120 JOBS GO AS 400-YEAR-OLD BEAMISH PLANT IS SHUT DOWN.Byline: By CLAIRE BRENNAN
UP to 120 workers at one of Ireland's oldest breweries were last night told they won't have jobs next year.
Heineken announced plans to close the 400-year-old Beamish and Crawford centre in Cork marking the "end of an era" for the city.
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They will be transferred to Heineken's main site on Leitrim Road in Cork city.
In a statement the company said the decision to close the brewery A brewery can be a building or place that produces beer, or a business (brewing company) whose trade is the production and sale of beer. Breweries can take up multiple city blocks, or be a collection of equipment in a homebrewer's kitchen. on Main Street was not an easy one.
Managing director Gerrit van Loo The French Van Loo family (of Flemish origin) included a number of notable painters:
He added that redundancy packages have been agreed.
Labour's Ciaran Lynch called it a sad day for the city.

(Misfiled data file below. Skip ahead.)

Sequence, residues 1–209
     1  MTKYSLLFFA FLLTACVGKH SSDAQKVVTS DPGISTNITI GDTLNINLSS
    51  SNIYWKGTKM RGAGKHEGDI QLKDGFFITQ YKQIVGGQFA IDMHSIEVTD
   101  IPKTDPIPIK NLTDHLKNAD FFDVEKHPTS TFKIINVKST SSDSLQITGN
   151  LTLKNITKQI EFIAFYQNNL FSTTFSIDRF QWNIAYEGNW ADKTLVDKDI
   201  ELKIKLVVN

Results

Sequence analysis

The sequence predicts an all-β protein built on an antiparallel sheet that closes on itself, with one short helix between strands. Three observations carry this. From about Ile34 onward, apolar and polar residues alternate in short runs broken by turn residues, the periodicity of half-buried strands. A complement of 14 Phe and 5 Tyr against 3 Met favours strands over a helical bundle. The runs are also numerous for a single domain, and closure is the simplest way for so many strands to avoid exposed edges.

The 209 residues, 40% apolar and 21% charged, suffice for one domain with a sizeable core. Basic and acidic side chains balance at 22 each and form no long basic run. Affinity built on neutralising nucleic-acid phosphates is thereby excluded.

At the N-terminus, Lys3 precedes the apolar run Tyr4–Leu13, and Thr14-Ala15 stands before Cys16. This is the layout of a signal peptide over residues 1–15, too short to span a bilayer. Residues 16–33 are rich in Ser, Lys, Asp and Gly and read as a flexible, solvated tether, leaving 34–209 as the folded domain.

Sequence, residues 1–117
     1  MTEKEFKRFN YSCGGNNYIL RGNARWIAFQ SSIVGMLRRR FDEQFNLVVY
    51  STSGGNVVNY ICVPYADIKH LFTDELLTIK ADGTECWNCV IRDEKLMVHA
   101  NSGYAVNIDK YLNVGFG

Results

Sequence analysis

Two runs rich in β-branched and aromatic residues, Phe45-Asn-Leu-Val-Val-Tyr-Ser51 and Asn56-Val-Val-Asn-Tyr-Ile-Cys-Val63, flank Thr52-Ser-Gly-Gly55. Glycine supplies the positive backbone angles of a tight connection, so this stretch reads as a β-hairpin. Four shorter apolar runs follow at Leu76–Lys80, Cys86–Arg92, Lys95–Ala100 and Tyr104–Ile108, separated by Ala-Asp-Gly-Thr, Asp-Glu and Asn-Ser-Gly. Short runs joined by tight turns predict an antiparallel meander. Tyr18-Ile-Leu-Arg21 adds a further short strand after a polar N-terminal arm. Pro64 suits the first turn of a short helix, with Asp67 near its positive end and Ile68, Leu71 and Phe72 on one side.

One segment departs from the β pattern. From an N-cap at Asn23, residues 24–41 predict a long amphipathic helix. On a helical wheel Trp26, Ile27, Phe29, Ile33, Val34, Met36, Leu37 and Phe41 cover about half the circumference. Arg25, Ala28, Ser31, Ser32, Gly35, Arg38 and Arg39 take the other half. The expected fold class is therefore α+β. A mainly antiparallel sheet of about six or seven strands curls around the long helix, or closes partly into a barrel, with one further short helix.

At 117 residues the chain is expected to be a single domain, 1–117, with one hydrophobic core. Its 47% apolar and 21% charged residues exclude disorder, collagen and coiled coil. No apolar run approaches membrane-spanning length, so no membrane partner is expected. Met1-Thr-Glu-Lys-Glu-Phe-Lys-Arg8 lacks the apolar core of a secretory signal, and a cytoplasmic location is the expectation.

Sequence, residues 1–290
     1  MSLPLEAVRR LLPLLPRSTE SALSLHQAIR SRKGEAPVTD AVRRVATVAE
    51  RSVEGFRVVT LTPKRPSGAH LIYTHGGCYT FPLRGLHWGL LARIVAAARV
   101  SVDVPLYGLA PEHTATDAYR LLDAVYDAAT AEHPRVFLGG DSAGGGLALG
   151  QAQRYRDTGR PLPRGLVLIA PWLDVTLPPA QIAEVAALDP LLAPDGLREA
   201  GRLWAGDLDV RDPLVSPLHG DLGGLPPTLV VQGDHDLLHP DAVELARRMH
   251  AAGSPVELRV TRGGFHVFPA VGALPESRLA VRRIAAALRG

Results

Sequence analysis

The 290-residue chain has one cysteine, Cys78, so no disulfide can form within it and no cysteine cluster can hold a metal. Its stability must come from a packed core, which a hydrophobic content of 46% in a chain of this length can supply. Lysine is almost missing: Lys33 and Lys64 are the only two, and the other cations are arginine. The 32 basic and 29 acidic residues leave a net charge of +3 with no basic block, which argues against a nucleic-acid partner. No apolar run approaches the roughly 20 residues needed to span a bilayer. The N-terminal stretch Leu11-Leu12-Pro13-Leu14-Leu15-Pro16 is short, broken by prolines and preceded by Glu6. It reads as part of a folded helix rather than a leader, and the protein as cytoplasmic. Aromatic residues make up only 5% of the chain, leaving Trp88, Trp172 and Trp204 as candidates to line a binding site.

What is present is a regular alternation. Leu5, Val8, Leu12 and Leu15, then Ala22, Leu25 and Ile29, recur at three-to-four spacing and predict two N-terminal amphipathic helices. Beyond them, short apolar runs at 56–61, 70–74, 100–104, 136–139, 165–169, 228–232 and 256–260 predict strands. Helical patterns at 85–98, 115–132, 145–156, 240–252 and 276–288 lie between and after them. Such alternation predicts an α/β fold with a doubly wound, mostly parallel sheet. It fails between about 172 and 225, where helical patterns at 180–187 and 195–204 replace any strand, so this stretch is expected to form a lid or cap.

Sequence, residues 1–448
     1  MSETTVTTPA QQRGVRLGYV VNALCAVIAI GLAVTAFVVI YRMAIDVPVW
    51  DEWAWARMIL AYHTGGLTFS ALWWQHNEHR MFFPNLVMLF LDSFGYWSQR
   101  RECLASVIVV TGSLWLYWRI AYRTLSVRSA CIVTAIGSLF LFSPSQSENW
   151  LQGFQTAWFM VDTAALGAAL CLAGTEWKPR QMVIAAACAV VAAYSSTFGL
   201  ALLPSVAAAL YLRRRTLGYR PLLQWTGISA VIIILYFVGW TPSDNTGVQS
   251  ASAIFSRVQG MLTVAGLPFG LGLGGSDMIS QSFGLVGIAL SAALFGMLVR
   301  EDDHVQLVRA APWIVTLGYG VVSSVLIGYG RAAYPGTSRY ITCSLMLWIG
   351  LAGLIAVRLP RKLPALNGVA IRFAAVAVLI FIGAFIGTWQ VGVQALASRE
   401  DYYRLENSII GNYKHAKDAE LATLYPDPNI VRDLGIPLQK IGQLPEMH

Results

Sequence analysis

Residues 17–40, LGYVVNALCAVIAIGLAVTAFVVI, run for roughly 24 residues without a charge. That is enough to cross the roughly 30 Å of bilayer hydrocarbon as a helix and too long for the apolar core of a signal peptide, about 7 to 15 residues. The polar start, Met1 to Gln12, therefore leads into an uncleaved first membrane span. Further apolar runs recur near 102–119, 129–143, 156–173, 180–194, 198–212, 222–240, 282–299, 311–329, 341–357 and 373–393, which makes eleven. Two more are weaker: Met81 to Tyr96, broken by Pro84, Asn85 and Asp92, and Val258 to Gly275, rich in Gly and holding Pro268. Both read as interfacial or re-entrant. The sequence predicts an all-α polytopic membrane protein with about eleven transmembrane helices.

He added: "The closure is the end of an era. The news will come as a bombshell bomb·shell
1. An explosive bomb.
2. One that is sensationally shocking, surprising, or amazing.
a shocking or unwelcome surprise
Noun 1. to those working there, and while the closure will not actually take place until March, Christmas will likely be grim."
Fine Gael's Deirdre Clune described the news as a tragic "body blow" and claimed Heineken could have done more to save it.
She said: "This is a dreadful day for the Beamish and Crawford staff and their families, particularly in the run-up to Christmas.
"I am extremely disappointed that more workers could not have been accommodated in the new Heineken set-up." The beer giants took over Beamish in October after they were given the green light by the Competition Authority.
Mr Lynch said he hopes they will look after a brand that has become a national treasure.
He added: "It is vital that investment in the Beamish brands, particularly Beamish Stout stout, alcoholic beverage: see beer. , continues and that the brand is developed to its full potential.
"The worst possible outcome would be the loss, not just of jobs, but of an internationally-renowned brand of significant value to the economy, locally and nationally."
There was also bad news in Galway as 550 workers awaited news of their future today.
Fridge giants Thermo King announced last week that 110 jobs were to go but hundreds more could be let go.
This is a dreadful day for staff and their families, especially in the run-up to Xmas DEIRDRE CLUNE TD
OVER A BARREL The famous Cork stout will be now made at another brewery